The Body’s Use As A Percussion Instrument In African Martial Art
Stono Rebellion - Image Courtesy of the Library of Congress
Martial Artist and Owner of School Of Arms Media.
Fascinating aspects of The Piper Tripwire system
One of the fascinating aspects of The Piper Tripwire system, a South African System of Martial Art, Is its use of the body as a percussion instrument, in order to produce dramatic audio and visual distractions.
Similar types of distractions can be found in the Southeast Asian systems of Silat; and yes, Silat has some minor influences upon the Piper Tripwire system. However, I will argue, the way it is done in The Piper Tripwire system, is uniquely African in origin. As a matter of fact, it is something also found in the African Diaspora here in the United States.
In African martial arts, there is a strong relationship between dance, rhythm, and Martial Art technique. In South Africa, in lieu of having any instruments, certain dances developed around using the body; foot stomps and snapping as the percussion instrument to set timing.
The body as a musical instrument can also be accompanied by chanting or singing; this is where The Piper Tripwire system derives it methods of percussion distraction. In the United States, we have a unique form of dance called "stepping," which also uses the body as a percussion instrument; this form of dance, has its roots indirectly in martial traditions and directly in an event called the Stono Rebellion.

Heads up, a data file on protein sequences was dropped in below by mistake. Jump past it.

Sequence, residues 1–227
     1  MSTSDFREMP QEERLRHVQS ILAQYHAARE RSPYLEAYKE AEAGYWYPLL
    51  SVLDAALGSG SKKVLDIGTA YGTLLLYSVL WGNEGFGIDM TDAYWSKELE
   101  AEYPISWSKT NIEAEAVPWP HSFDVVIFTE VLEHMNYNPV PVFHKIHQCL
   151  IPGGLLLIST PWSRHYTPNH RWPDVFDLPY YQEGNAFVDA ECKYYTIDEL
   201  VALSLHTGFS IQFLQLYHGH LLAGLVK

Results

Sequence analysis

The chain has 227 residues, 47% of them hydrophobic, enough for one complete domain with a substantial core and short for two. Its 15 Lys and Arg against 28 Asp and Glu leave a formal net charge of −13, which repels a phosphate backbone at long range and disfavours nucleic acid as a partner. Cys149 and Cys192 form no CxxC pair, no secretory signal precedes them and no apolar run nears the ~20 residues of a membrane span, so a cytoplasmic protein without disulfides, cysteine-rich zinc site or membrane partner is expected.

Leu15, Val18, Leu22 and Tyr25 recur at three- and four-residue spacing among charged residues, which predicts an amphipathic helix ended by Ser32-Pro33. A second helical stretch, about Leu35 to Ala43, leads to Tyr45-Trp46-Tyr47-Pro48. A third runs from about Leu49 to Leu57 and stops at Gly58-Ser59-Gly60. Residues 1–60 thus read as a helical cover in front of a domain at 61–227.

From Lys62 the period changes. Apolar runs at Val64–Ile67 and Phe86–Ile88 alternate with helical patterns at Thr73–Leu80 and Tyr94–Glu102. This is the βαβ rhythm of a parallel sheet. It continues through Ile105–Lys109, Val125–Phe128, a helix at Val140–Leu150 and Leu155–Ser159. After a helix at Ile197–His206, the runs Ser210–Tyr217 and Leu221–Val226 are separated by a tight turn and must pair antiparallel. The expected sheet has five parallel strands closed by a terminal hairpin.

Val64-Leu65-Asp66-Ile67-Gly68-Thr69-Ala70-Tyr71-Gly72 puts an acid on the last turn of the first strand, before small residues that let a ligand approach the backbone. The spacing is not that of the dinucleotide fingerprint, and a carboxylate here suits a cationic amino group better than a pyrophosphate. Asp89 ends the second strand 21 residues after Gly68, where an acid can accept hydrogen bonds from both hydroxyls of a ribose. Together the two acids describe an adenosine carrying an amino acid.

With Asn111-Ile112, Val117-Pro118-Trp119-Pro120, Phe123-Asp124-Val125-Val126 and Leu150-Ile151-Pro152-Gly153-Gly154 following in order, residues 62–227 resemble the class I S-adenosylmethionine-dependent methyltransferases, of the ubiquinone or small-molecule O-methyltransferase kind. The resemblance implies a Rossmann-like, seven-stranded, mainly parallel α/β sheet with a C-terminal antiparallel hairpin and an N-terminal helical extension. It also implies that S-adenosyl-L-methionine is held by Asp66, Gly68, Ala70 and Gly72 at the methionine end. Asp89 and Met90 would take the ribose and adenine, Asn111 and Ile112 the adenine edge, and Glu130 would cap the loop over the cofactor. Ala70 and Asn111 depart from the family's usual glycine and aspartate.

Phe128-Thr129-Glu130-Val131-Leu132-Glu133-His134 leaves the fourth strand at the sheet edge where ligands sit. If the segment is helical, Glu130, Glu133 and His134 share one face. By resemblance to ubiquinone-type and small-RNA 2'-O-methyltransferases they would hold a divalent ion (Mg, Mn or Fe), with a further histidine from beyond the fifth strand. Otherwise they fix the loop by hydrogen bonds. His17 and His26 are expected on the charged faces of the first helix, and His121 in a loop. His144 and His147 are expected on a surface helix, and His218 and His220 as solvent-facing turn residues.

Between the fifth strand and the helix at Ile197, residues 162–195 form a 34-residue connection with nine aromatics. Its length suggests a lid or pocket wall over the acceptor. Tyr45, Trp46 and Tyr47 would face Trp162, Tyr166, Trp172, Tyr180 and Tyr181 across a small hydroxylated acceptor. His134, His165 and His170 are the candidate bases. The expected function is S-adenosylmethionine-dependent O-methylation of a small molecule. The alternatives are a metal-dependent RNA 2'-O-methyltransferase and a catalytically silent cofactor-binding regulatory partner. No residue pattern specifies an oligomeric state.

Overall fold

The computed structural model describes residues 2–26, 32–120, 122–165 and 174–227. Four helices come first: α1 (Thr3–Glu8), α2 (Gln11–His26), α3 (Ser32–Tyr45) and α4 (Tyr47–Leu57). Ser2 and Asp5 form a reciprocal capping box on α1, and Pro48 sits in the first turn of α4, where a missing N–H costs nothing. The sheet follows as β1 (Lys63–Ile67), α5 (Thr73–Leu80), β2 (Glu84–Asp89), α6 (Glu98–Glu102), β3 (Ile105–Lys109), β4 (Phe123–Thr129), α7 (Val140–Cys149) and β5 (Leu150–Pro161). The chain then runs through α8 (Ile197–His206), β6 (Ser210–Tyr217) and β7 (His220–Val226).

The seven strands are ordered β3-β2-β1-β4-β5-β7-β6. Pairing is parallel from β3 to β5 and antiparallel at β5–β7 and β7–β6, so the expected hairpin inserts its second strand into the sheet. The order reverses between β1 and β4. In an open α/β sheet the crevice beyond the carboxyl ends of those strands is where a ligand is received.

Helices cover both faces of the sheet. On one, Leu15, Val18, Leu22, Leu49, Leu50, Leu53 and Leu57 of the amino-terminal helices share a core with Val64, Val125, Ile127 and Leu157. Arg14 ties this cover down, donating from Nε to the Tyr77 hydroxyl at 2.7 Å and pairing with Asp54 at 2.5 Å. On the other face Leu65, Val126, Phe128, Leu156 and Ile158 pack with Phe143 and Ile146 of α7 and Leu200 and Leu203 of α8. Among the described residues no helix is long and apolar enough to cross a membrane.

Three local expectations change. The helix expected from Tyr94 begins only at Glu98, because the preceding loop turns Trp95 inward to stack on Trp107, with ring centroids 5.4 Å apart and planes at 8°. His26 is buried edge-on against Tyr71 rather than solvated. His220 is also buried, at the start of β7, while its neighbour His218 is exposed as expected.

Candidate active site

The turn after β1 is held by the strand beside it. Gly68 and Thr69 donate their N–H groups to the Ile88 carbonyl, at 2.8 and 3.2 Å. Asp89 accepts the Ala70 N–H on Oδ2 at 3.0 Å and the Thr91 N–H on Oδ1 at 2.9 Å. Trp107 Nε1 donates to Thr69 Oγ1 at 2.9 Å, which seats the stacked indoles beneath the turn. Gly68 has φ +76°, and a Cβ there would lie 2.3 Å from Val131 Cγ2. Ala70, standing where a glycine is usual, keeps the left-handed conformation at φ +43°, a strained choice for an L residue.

What Was The Stono Rebellion?
The Stono Rebellion took place in South Carolina in 1739; a literate man by the name of Jemmy, sometimes in history referred to as "Cato," decided that the ideals of liberty and freedom were worth fighting for, and therefore revolted with other enslaved individuals; wherever they went, they freed others, and did this while chanting and playing drums.
The rebellion itself was short lived and brutally put down. The ramifications of the rebellion however, had long lasting repercussions as to how the "peculiar institution" would evolve in the United States. Laws were enacted limiting education, the size of groups, and the use of the African drum. This historical event gave rise for the need to improvise musical instruments, and the unique beginning of the body as a percussion instrument. Over time evolving into the dance form we know as "Stepping."
Though not related to The Piper Tripwire System, You can see an interesting correlation between the two.
Below is a short clip of some Piper Tripwire Methods
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